Larger rocks and boulders work in a dry riverbed. Choose rocks of a similar color.
Vegetation in the area around a riverbank is called the “riparian zone.”
via Ancient Surfaces
Another idea for adding a dry creek in a flagstone patio that’s complete with a fall zone and eddy.
The larger rocks are more irregular, but a tiny stream of pebbles flows in the middle.
Hardscaping yards are becoming more common as we recognize that our water resources need to be protected.
Smaller succulents provide green foliage.
Boulders and large, flat stones can be used along the banks of a creek bed to control erosion.
The channel is made obvious with the use of light gray river rocks.
via Scenic Landscaping
Convert your dry river bed to a French drain if the water continues pooling. Larger rocks along the bank of this garden keep the soil from being washed away.
via Mark D Sikes
A French drain is a trench with a pipe covered by rocks. This dry stream bed looks like it was created naturally. Boulders and large rocks work to prevent erosion.
Tall grasses and moss growing around the rocks also help with drainage. Gray river rocks are often used in dry riverbed landscaping.
A French drain was a necessity in this garden. Bricks along the edging were removed to make way for the smaller rocks with large river rocks forming the banks.
The footbridge is as much a necessity as it is a nice feature in the yard.
Gray gravel and river rocks were added to black soil to create an interesting dry stream path along the driveway.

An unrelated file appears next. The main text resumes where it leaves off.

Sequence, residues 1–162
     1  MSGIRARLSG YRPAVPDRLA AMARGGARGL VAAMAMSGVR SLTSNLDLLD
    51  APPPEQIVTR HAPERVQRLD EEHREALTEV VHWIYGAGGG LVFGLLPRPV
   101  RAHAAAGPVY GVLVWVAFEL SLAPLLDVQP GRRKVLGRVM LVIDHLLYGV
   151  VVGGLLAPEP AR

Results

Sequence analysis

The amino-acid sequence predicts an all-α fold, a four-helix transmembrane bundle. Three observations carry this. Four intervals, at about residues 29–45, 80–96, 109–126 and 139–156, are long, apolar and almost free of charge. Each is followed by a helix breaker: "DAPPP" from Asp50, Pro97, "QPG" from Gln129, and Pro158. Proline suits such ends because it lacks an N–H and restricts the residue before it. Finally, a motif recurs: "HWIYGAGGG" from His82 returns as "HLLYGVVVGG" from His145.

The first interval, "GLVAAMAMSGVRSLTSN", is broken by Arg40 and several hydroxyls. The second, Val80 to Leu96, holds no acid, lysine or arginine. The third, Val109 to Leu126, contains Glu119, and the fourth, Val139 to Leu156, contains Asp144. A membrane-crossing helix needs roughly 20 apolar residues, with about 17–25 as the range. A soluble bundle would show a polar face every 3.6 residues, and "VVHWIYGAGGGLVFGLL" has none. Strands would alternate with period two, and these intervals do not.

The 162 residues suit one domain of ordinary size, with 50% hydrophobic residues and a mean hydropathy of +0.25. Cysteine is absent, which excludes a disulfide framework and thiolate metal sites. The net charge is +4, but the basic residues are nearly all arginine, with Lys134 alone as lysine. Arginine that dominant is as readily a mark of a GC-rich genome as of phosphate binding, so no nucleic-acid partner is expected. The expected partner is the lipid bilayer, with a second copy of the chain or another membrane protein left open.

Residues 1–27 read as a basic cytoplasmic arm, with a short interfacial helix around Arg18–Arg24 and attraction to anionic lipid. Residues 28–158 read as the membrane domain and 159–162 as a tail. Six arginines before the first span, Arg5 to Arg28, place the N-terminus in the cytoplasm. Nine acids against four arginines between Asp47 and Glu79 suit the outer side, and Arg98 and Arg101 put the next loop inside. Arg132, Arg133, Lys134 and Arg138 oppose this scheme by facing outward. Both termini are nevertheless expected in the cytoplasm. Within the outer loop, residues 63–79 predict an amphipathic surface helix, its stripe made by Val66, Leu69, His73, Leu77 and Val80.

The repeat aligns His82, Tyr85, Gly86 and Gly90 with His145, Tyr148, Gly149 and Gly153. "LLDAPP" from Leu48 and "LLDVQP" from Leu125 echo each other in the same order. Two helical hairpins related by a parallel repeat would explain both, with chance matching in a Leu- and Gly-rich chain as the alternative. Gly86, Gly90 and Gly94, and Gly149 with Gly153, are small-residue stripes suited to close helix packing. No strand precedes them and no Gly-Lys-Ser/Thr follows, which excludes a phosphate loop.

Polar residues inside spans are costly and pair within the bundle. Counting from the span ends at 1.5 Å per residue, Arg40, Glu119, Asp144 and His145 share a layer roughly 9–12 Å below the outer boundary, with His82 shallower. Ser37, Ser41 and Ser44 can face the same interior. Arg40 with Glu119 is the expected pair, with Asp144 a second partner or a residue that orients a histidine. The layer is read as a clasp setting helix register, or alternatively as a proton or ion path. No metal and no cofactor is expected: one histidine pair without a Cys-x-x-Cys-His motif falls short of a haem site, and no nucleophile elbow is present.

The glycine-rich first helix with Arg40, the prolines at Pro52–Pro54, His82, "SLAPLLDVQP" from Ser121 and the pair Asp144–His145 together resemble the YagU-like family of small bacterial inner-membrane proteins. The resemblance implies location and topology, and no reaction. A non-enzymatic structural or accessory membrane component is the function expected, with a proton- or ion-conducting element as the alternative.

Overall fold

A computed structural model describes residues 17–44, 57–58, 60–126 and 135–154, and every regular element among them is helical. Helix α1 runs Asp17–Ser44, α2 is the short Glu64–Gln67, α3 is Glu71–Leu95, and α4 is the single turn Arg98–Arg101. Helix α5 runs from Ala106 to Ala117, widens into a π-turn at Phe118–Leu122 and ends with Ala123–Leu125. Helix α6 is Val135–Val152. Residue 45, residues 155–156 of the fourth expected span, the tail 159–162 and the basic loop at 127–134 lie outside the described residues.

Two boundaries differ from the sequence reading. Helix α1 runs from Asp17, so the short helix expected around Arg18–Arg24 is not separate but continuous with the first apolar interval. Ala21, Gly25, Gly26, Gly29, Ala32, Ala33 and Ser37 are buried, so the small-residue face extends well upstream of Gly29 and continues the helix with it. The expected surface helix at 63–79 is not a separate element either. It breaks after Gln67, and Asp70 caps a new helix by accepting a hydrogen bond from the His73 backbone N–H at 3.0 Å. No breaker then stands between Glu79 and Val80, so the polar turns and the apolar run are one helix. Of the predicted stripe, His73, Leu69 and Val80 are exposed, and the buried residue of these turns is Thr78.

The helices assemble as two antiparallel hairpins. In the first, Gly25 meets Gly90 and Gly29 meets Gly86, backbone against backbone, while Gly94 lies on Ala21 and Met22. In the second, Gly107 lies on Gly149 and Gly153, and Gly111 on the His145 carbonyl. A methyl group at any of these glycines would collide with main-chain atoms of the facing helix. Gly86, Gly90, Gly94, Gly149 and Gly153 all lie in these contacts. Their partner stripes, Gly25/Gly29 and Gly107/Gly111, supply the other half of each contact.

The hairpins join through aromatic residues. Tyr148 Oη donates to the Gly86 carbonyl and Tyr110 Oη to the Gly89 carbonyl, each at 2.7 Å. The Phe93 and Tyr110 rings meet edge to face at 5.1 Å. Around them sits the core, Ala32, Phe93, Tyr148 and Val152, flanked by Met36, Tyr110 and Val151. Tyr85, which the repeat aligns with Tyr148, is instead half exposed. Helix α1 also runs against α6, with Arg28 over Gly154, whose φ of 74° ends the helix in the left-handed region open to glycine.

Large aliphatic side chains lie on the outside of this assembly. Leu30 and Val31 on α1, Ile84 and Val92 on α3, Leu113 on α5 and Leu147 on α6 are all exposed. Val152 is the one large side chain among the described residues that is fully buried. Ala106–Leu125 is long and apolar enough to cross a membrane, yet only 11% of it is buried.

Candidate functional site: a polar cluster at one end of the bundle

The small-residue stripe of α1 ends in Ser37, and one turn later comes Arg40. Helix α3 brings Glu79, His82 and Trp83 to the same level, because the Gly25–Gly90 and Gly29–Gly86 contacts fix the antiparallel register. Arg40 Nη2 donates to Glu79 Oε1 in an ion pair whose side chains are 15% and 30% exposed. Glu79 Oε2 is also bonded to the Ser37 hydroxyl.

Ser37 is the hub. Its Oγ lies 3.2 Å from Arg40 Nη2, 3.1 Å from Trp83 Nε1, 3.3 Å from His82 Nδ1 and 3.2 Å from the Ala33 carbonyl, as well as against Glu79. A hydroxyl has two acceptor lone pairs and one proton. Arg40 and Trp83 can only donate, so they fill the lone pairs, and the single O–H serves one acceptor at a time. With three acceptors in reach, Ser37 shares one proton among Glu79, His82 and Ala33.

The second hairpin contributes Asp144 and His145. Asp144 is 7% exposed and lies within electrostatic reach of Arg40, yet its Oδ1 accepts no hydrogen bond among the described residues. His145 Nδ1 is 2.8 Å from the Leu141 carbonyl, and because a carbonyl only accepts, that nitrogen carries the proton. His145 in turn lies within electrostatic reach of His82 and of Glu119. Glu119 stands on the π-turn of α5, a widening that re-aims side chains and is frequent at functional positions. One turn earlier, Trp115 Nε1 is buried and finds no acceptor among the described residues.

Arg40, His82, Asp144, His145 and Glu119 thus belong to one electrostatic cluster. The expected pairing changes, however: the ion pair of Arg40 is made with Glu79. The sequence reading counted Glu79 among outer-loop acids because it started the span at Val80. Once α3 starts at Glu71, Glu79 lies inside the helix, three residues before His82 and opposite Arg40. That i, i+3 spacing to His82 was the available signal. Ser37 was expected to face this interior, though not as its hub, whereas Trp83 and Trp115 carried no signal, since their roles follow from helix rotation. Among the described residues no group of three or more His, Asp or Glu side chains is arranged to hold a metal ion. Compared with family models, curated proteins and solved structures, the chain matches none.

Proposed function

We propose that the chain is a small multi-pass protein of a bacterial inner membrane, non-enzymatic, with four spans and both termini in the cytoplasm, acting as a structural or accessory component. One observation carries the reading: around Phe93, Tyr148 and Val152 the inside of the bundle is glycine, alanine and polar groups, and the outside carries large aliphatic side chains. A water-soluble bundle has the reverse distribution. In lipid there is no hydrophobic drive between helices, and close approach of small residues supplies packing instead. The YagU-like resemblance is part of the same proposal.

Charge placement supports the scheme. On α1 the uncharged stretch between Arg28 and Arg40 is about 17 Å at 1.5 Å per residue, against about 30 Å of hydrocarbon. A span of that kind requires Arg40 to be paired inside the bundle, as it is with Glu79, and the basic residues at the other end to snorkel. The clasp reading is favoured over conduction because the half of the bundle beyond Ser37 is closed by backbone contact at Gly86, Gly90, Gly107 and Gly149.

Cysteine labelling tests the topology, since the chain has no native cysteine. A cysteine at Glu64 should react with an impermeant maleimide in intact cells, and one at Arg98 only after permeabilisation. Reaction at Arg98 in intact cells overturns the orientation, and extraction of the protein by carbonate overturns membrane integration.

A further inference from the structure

The contrast between black and white is a modern touch. The large driftwood pieces add more color and dimension.
via Lady Gray Dreams
When planning your dry streambed, notice where the rain water collects naturally. Use this line to determine where the grass ends and the garden bed begins.
Boulders are placed on one side of the bed where water collects. This prevents erosion and forces the water to continue down the trench. Polyvinyl edging works to prevent backflow into the grass.
via De Santana Stone
Blue and white crystals form the illusion of being the deepest part of this creek bed.
The illusion moves from larger rocks on the perimeter to the smallest in the center.
White gravel speckled with blue granite forms the basis of this dry stream bed. Ornamental grasses and local flowers provide the backdrop.
The drain’s riverbed, with its large terracotta pot, is the centerpiece of a rock garden covered in pea gravel.
via Sweetwater Landscape
Rainwater doesn’t have to follow a path in the yard.
You can use a dry creek bed to direct water from a downspout. Rocks help with drainage and also hold moisture the plants will use later.
via Luciole Design
Incorporate your favorite antiques into your garden. This water pump looks like it’s pouring water down a creek bed in this woodland scene. The water is created with colorful resin.
The creek bed is made of a combination of white, sky blue, and turquoise-colored pebbles. A few light-colored rocks create a riverbank in the mulch.
via Mission Tile West
Create an entire water feature around a downspout.
Larger rocks make up the riverbank and small crushed stone works as the main channel. Small plants dot the banks.
Decorative creek beds don’t need drainage, so there’s no need for a deep trench. In this case, you can use more expensive rocks such as marble. White marble is used as the water channel alongside pea gravel.